In contrast, the Nikon DX 18-55mm f/3.5-5.6 demonstrates very controlled ghosting and flare, thanks to the Super Integrated Coating applied to reduce these optical issues. Impressively, even when shooting directly into the sun, the lens manages to handle the bright light without any significant loss of micro-contrast. However, it is worth noting that when there are bright highlights in the background, they may take on a circular shape, and outlining can be common.

In conclusion, the 18-55mm lens outperforms the 16-80mm lens when it comes to flare and ghosting control, providing clearer and more consistent image quality even in challenging lighting conditions. The Super Integrated Coating on the 18-55mm lens effectively reduces optical issues, making it the superior choice between the two lenses for minimizing flare and ghosting.


The Nikon DX 16-80mm f/2.8-4 exhibits noticeable vignetting in the corners when shooting wide open, especially at 16mm and f/2.8. However, it can be improved dramatically by stopping down the lens by 1 or 2 stops, and at f/4 and beyond, vignetting is well controlled. Applying a lens correction profile, either in-camera or in post-production, can easily correct the vignetting but may slightly reduce the resolution. Overall, vignetting is an issue that can be managed with some adjustments.

However, the Nikon DX 18-55mm f/3.5-5.6 lens does exhibit some vignetting, especially at its widest aperture of f/3.5 and the widest focal length of 18mm, resulting in darker corners by approximately 2.5EV. Stopping down to f/5.6 and beyond significantly reduces the darkening effect. Vignetting is also apparent at mid-range focal lengths, around 35mm, but it is least visible at 55mm. Although this lens displays some level of vignetting, it is not a significant concern and can be easily corrected using post-processing software.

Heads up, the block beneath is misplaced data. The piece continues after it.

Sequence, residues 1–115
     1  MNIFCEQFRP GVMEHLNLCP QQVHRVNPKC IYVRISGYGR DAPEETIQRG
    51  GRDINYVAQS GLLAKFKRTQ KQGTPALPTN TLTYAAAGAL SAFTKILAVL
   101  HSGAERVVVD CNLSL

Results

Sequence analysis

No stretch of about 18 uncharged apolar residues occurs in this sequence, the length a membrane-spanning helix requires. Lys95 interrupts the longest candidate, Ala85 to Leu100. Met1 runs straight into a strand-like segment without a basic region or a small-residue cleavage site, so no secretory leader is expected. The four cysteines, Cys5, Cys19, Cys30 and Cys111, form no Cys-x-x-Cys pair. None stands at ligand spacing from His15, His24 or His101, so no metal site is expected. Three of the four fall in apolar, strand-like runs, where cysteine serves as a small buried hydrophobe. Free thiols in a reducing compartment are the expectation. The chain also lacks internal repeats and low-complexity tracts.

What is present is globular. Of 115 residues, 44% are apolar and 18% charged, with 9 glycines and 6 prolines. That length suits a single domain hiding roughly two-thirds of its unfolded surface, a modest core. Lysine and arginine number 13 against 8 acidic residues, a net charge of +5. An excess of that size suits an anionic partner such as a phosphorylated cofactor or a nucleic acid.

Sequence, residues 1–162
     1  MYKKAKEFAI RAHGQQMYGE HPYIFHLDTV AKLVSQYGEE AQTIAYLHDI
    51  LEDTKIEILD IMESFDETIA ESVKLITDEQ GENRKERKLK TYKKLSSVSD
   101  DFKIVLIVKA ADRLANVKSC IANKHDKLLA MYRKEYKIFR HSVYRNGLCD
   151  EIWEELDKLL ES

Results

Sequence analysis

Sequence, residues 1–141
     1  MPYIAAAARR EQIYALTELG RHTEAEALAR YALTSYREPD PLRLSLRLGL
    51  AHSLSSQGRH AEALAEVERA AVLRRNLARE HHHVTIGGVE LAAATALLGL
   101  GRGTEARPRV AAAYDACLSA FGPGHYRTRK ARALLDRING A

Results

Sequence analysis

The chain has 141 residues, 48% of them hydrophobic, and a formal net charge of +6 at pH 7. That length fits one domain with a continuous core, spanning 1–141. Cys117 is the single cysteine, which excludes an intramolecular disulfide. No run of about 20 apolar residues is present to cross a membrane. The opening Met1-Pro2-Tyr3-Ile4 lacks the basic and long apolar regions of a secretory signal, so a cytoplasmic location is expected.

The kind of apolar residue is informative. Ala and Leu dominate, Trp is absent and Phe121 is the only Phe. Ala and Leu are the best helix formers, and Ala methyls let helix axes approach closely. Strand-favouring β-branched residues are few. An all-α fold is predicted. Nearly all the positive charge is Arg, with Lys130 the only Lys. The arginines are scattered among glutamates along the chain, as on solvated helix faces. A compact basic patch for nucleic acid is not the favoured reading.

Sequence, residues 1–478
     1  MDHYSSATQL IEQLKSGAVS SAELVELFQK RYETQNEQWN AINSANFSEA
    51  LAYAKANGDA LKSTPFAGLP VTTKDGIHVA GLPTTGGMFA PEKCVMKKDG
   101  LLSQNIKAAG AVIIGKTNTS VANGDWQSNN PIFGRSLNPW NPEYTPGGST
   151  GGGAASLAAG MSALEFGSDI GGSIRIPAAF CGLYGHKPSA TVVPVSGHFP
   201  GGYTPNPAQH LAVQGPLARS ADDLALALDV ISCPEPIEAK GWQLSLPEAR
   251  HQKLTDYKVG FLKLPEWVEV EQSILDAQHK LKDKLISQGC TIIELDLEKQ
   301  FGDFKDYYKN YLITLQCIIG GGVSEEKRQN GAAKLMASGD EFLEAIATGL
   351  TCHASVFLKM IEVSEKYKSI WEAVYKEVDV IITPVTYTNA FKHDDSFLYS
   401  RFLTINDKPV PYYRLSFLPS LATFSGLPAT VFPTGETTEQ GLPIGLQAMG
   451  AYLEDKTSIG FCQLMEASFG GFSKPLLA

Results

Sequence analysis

In conclusion, both lenses exhibit vignetting to some extent, but the 18-55mm lens has a slight advantage as its vignetting is less prominent and becomes minimal at the longer focal length of 55mm. By stopping down the aperture and using post-processing software, vignetting can be effectively managed in both lenses.


The Nikon DX 16-80mm f/2.8-4 exhibits both barrel and pincushion distortion at different focal lengths. Barrel distortion is more noticeable at 16mm, while pincushion distortion becomes moderate at longer focal lengths.

Both types of distortion can be easily corrected in post-processing with supported software like Adobe Lightroom or in-camera if using Nikon’s in-body distortion correction. However, if you are shooting subjects with critical straight lines, such as buildings or ocean horizons, you will need to correct for the distortion to avoid any noticeable bending of the lines.

On the other hand, the Nikon DX 18-55mm f/3.5-5.6 lens exhibits differing degrees of distortion at different focal lengths. At 18mm, there is apparent barrel distortion, which can be corrected through in-camera correction or software. By 35mm, distortion is nearly eradicated and remains absent until 55mm, where minor pincushion distortion might be noticeable but is not generally a problem in most shooting scenarios. In general, distortion can be easily corrected using software or in-camera correction and does not have a significant impact on the overall performance of the lens.

In conclusion, both lenses exhibit some distortion at their respective focal lengths, but the 18-55mm lens outperforms the 16-80mm lens in terms of distortion control.

Final Verdict

Taking into account all the factors and conclusions made, the choice between the Nikon DX 16-80mm f/2.8-4 and Nikon DX 18-55mm f/3.5-5.6 ultimately depends on your personal preferences, budget, and photography needs.

The 16-80mm lens offers better overall image quality, improved low light performance, increased versatility, faster focusing speed, better optical stabilization and superior build quality. It has a more appealing bokeh at specific settings, and it is slightly sharper across most zoom settings. This lens is better suited for photographers who prioritize versatility, durability, and image quality, and who are willing to invest more in their gear.

On the other hand, the 18-55mm lens provides a more budget-friendly option with a lightweight and portable design. It outperforms the 16-80mm lens in terms of flare/ghosting control, vignetting management, and distortion control. This lens is an ideal choice for photographers who value affordability, portability, and simplicity, without compromising too much on image quality.

In summary, if you are willing to invest more and prioritize image quality, versatility, and build quality, the 16-80mm lens is the better option. However, if budget and portability are your main concerns, the 18-55mm lens will serve you well, delivering satisfactory performance in various shooting situations.

Meet the Author

Wei Mao

Wei was a cruise photographer who worked at Disney Cruise Line. He is a lucky traveler who has been to more than 20 countries with his camera while working on an around-the-world cruise. Photography has changed his view of the world forever. Now he wants more people to benefit from photography through his blog.